woodwork (51)

Phil Jackson’s New Woodshop

Howdy Lloyd!

Thanks for your interest in my shop build.

Just wanted to thank you for the knowledge you shared in Shelter, specifically about typical spans for girders and joists. I didn’t grow up with any building experience, and your work really helped me wrap my head around my first structure, pictured below.

Dorothy Ainsworth, Larry Haun, Scott Wadsworth (from the Essential Craftsman), and a whole bunch of local knowledge filled in the rest.

My instagram @philjacksonphoto has a whole story highlighted about the build, too.

Thanks again, Lloyd!! Hope to cross paths some day

Best,
–Phil (Jackson)

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Home in the French Woods of Yogan, Emily, and Baby Orso

The works of our good friend Yogan have appeared in our last three building books. Right now I’m working on the story of his latest mobile home for our book Rolling Homes, and I ran across this photo of his present home in the woods.

This guy is prolific! See previous posts on his work, including his visit to California a few years back: www.lloydkahn.com/?s=yogan

His blog: yogan.over-blog.com

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Reconstructed Building at Fort Ross, Sonoma County, California

This octagonal wooden structure is one of the beautifully reconstructed buildings at Fort Ross, “…the hub of the southernmost Russian settlements in North America from 1812 to 1841.” See: wikipedia.org/wiki/Fort_Ross,_California

If you are ever driving north along Highway one towards Mendocino, and are at all interested in building or California history, I highly recommend stopping in at this spectacularly reconstructed fort.

www.fortross.org/reconstruction.htm

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House Built of Bridge Timbers in Big Sur

In 1968, I moved from Mill Valley to Big Sur and worked as foreman on a job building this house out of bridge timbers. The architect was George Brook-Kothlow. George had purchased all the bridge timbers from the town of Duncan’s Mills on the Russian River; they tore down the redwood bridge to build one of concrete, and George had hand-hewn 12 × 12 posts, 16-foot-long 6-by-16s and 16-foot-long 8-by-22s.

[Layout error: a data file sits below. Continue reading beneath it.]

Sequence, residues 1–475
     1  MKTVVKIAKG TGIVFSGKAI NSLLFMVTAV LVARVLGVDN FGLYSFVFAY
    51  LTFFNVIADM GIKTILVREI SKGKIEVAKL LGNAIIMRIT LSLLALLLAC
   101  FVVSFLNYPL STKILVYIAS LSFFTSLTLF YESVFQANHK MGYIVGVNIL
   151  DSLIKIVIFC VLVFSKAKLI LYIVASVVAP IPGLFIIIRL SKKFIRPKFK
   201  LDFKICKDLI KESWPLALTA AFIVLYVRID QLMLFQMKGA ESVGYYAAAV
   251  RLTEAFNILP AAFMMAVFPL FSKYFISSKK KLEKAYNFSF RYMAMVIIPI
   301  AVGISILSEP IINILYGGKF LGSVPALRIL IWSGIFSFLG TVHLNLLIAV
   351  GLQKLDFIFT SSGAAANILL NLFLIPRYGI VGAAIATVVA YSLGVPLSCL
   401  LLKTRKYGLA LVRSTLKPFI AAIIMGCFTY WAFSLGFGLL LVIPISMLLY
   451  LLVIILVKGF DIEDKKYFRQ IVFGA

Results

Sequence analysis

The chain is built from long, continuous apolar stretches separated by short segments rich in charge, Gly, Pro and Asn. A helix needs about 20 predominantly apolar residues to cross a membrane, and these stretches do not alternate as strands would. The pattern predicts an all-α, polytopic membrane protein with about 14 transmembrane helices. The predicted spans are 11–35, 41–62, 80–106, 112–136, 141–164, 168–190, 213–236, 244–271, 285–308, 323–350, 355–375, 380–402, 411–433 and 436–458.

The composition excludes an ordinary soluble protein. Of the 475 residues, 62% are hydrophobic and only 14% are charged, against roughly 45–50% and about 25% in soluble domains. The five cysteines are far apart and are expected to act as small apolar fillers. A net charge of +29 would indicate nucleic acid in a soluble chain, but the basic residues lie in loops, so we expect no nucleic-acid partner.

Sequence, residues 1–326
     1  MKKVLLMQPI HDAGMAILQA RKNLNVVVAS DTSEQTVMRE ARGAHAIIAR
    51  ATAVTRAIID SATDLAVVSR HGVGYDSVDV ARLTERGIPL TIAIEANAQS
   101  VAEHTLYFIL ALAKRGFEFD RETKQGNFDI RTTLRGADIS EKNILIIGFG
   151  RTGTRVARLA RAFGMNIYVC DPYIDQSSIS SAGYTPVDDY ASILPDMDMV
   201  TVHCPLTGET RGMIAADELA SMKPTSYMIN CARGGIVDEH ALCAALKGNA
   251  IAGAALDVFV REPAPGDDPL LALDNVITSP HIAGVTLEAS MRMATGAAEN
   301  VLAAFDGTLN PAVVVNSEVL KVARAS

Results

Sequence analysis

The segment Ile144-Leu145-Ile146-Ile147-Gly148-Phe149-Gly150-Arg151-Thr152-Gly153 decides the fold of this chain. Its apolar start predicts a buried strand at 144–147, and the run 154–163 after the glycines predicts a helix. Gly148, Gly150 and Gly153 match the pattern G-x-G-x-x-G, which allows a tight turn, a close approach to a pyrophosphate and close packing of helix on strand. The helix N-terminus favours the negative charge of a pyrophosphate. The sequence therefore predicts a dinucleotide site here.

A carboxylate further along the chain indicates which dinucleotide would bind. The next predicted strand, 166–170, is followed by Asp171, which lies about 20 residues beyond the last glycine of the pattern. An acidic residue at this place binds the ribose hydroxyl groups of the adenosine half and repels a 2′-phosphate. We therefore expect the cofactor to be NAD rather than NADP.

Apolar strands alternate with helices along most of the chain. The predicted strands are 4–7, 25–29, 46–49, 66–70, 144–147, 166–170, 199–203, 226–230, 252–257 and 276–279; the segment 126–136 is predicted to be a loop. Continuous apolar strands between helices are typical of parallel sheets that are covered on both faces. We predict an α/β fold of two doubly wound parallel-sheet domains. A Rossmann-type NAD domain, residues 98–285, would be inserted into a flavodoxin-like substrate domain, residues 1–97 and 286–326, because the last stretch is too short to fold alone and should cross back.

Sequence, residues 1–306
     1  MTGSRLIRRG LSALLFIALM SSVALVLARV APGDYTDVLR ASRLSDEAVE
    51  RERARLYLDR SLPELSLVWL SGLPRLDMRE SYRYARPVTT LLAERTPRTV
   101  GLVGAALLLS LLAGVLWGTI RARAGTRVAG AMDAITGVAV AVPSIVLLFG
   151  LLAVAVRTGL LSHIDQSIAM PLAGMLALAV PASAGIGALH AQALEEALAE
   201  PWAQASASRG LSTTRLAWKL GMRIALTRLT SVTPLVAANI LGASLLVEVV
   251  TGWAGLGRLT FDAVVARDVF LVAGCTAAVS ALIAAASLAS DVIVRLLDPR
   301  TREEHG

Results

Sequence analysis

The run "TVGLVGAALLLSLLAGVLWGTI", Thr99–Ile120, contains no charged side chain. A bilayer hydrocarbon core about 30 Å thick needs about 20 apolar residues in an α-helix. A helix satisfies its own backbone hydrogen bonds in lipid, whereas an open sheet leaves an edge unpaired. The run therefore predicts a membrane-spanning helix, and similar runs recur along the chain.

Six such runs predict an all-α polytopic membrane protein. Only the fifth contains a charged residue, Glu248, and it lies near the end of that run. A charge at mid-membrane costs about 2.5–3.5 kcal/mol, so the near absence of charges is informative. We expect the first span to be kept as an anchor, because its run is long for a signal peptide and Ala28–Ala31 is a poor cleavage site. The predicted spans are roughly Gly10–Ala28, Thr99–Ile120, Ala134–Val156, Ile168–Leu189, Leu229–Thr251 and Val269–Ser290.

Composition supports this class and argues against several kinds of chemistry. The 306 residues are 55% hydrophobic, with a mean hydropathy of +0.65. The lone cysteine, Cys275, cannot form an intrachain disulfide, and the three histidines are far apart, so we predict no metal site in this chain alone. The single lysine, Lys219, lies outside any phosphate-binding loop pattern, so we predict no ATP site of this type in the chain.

Carpenters Paul and Seth Wingate went down with me and we lived on the site, Rancho Rico, a 400-acre ranch with two private beaches. We remodeled some chicken coops for living quarters.

I spent about a year on the project. It was a struggle. We had to splice together two 8-by-22s for the 32-foot-long rafters, and lift them into place with a boom on the back of the ranch backhoe. There were 11 concrete pours for the foundation, each one coming 40 miles down the winding coast from Monterey. I quit after we got the building framed.

About 10 years ago, I went down for a visit. The family had moved into the chicken coops and they were renting the house for $13,000 a month.

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Photo of Zome Workshop in France by Yogan

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Photos from yogan carpenter of his friend Robin’s workshop in SW France, with a zome roof. Again, yogan has photographed a building shown in Home Work (page 49) but gotten better shots. This is really a nice idea: using a dome as roof on vertical walls. It’s in a section in the book on countercultural builders in France. (A friend of ours who lives in Amsterdam says that France is the California of Europe.)

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Shingled Cabin in France

I am Bastien Forestier. I live in Boussy Saint Antoine near Paris. One year ago, in the winter, I was driving across Normandy to go surfing. On my way I stumbled upon la Chappelle D’Allouville, a mystical wooden treehouse made by a monk in 1609. So I decided to build a shelter using this technique.

I began doing wood shingles and beams. First with axes, then I bought a shaking axe.

I used the trees around me. I know them all since my childhood. Now after a year i have a roof and walls. I am very sure to make more houses like this in the future, inspired by Tingely’s cyclops maybe.

I like that the people in the neighborhood call it La Chapelle (the chapel).

Note: These are actually shakes, rather than shingles.  –LK

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